Reporting on the Mexican Cartel Drug War

Two More Women Named Police Chiefs in Northern Mexico

Wednesday, November 10, 2010 |


Olga Herrera Castillo new police chief of Villa Luz.

Herald Tribune

Two housewives are taking over as the police chiefs in dangerous towns near Ciudad Juarez, Mexico’s murder capital, with the appointments coming just weeks after a 20-year-old criminology student took command of the police department in another violence-plagued municipality in the northern state of Chihuahua.

Veronica Rios Ontiveros was appointed police chief in El Vergel, a community south of Ciudad Juarez, by the Samalayuca city council, while Olga Herrera Castillo will be in charge of the police department in the town of Villa Luz.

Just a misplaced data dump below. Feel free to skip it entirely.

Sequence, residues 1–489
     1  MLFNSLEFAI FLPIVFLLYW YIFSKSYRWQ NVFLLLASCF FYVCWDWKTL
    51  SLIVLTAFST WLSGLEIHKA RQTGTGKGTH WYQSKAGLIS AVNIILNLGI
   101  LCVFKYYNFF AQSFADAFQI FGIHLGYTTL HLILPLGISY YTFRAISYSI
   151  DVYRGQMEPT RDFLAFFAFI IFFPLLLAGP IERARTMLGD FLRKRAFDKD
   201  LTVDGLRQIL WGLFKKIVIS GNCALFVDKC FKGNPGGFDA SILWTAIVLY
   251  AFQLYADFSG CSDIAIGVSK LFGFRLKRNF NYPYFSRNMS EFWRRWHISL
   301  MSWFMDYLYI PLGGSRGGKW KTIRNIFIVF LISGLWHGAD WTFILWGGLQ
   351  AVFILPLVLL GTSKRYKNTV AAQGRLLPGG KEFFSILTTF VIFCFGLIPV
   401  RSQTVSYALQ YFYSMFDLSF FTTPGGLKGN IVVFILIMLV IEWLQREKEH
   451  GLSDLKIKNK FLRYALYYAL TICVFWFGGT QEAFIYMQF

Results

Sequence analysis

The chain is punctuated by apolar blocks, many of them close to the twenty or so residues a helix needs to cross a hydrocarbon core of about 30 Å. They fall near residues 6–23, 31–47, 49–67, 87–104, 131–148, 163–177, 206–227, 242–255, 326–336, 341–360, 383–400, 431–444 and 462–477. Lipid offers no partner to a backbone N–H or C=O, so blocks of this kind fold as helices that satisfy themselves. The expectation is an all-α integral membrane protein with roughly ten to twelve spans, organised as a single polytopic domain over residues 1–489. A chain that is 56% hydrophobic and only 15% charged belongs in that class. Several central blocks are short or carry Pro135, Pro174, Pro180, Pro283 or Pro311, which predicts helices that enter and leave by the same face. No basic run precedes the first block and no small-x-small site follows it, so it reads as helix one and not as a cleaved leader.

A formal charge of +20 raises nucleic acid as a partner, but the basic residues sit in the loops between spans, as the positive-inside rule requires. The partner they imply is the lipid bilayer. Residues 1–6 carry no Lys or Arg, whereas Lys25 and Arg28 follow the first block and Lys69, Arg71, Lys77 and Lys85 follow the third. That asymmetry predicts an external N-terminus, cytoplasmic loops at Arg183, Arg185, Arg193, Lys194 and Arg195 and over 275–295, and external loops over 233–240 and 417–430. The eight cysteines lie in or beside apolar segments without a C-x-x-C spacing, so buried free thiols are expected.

Samalayuca has four communities with a total population of 2,500.

Herrera Castillo said she was concerned about the crimes, including arson and kidnappings, that have occurred in the area.

“Maybe it makes me scared, but they encourage me and it goes away,” the 43-year-old mother of five said.

Herrera Castillo said she was taking the job to work for her family and “to help the town.”

Marisol Valles, a 20-year-old married criminology student, became the police chief last month of Praxedis G. Guerrero, another city in Chihuahua.

A large number of candidates ran for office in the recent elections in Samalayuca, while no one opted to run for the posts open in the nearby communities of San Agustin, El Sauzal, San Isidro, Ejido Zaragoza and Venustiano Carranza.

Some cities in Mexico do not have any police officers on their payrolls, while others have a few poorly paid and armed officers.

The majority of municipal police officers make an average of 4,000 pesos ($320) a month.

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